A multi-institutional research collaboration has created a novel approach for fabricating three-dimensional micro-optics through the shape-defined formation of porous silicon (PSi), with broad impacts in integrated optoelectronics, imaging, and photovoltaics.

Working with colleagues at Stanford and The Dow Chemical Company, researchers at the University of Illinois at Urbana-Champaign fabricated 3-D birefringent...

Im Focus: Quantum Particles Form Droplets

In experiments with magnetic atoms conducted at extremely low temperatures, scientists have demonstrated a unique phase of matter: The atoms form a new type of quantum liquid or quantum droplet state. These so called quantum droplets may preserve their form in absence of external confinement because of quantum effects. The joint team of experimental physicists from Innsbruck and theoretical physicists from Hannover report on their findings in the journal Physical Review X.

“Our Quantum droplets are in the gas phase but they still drop like a rock,” explains experimental physicist Francesca Ferlaino when talking about the...

Im Focus: MADMAX: Max Planck Institute for Physics takes up axion research

The Max Planck Institute for Physics (MPP) is opening up a new research field. A workshop from November 21 - 22, 2016 will mark the start of activities for an innovative axion experiment. Axions are still only purely hypothetical particles. Their detection could solve two fundamental problems in particle physics: What dark matter consists of and why it has not yet been possible to directly observe a CP violation for the strong interaction.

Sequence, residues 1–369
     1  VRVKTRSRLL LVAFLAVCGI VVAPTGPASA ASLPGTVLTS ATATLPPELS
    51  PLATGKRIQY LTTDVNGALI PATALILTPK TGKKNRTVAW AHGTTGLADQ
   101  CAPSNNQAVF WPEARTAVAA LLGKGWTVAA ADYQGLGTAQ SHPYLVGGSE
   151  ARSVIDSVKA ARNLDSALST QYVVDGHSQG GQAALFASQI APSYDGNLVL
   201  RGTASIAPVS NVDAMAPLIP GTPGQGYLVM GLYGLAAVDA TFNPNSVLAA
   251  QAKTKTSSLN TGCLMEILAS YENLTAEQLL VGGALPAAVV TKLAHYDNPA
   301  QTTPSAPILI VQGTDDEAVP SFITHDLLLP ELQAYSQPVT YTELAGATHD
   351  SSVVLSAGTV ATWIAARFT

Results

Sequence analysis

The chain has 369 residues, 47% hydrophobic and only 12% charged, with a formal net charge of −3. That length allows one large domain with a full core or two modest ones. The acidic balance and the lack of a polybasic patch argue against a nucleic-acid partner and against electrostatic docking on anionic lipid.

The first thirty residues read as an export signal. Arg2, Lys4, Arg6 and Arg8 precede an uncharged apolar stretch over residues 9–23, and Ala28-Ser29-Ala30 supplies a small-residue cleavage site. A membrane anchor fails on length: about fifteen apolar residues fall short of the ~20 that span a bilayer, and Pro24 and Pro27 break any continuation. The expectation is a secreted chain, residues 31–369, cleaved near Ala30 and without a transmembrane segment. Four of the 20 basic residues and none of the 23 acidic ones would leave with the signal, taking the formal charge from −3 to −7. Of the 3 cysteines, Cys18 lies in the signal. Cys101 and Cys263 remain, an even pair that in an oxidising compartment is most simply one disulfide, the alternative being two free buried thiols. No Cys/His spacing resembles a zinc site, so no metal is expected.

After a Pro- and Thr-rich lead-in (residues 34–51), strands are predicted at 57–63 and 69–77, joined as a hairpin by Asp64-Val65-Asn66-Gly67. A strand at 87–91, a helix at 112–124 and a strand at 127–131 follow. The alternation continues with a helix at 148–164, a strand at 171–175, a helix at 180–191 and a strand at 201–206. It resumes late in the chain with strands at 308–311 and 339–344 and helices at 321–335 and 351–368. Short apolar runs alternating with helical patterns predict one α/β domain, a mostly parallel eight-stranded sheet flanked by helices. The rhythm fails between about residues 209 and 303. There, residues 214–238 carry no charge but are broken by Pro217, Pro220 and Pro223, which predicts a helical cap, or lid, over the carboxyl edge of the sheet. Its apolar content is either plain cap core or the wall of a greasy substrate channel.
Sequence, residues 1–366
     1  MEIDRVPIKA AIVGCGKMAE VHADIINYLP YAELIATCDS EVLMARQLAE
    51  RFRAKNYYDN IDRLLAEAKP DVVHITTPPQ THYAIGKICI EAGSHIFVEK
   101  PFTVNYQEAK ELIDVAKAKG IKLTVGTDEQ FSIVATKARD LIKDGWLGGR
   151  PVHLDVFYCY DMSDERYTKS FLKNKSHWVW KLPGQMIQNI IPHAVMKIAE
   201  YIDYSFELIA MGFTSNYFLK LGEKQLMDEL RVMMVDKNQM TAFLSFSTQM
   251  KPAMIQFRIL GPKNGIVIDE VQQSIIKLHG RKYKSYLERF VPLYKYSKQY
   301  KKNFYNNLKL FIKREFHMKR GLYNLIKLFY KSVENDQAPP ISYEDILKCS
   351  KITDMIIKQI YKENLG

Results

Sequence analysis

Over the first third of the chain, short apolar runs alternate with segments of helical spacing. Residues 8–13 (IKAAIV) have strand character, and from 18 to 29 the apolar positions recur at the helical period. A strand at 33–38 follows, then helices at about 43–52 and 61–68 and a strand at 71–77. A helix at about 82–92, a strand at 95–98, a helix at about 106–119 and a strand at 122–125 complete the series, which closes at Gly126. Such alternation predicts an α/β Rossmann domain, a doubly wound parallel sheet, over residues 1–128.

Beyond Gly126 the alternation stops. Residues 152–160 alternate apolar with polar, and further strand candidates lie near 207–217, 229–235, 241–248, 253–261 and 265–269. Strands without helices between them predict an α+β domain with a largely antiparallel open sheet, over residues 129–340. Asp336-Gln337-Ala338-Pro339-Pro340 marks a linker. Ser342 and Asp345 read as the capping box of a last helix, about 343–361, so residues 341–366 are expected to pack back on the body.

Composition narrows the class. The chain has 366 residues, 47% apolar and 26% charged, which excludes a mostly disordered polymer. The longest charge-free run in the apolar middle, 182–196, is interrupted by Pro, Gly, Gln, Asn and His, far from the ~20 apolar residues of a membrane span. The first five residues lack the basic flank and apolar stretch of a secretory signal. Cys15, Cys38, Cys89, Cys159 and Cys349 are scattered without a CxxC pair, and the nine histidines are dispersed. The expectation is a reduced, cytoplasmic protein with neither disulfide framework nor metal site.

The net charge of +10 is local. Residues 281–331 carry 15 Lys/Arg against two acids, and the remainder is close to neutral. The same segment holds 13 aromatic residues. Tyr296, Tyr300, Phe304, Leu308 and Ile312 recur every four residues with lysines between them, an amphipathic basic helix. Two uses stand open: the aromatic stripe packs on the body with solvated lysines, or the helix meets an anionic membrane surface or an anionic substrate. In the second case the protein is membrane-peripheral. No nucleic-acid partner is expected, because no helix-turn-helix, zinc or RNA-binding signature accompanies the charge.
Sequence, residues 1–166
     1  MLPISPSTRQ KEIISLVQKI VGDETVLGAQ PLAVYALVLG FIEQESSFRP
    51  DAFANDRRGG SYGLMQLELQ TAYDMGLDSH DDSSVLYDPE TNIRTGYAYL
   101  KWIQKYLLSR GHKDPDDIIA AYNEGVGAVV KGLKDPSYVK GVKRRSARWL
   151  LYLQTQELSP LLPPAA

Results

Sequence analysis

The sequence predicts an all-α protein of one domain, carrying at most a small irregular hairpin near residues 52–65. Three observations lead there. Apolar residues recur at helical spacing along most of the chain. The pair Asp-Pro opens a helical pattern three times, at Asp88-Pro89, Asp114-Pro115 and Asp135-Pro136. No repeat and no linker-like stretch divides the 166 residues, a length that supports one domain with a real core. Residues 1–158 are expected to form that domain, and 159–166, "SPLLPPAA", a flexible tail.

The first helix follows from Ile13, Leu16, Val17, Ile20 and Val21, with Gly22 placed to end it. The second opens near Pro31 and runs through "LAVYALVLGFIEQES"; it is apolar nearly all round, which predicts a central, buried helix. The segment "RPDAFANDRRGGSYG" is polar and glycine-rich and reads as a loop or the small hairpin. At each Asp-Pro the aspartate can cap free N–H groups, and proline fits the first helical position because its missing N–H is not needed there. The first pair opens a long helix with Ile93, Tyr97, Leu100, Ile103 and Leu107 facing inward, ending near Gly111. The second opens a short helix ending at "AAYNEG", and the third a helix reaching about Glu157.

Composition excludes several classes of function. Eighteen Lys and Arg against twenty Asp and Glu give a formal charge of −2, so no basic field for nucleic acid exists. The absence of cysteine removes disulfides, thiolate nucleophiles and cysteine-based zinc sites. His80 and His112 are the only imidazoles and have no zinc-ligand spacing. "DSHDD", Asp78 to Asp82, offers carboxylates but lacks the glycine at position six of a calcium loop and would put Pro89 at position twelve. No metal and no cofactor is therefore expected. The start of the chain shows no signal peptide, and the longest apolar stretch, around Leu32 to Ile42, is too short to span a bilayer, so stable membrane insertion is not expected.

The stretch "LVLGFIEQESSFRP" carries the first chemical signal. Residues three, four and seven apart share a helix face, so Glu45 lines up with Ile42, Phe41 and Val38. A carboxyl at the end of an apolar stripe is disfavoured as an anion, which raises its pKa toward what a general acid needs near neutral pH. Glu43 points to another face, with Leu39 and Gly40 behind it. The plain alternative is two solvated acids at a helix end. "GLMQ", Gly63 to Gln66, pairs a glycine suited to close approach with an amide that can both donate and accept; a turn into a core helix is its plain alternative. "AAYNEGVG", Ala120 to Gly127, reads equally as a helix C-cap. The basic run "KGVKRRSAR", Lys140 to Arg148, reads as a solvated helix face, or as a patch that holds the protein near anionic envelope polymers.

The “MADMAX” project is the MPP’s commitment to axion research. Axions are so far only a theoretical prediction and are difficult to detect: on the one hand,...

All Focus news of the innovation-report >>>

Anzeige

Anzeige

Event News

ICTM Conference 2017: Production technology for turbomachine manufacturing of the future

16.11.2016 | Event News

Innovation Day Laser Technology – Laser Additive Manufacturing

01.11.2016 | Event News

#IC2S2: When Social Science meets Computer Science - GESIS will host the IC2S2 conference 2017

14.10.2016 | Event News

 
Latest News

Closing the carbon loop

08.12.2016 | Life Sciences

Applicability of dynamic facilitation theory to binary hard disk systems

08.12.2016 | Physics and Astronomy

Scientists track chemical and structural evolution of catalytic nanoparticles in 3-D

08.12.2016 | Materials Sciences

VideoLinks
B2B-VideoLinks
More VideoLinks >>>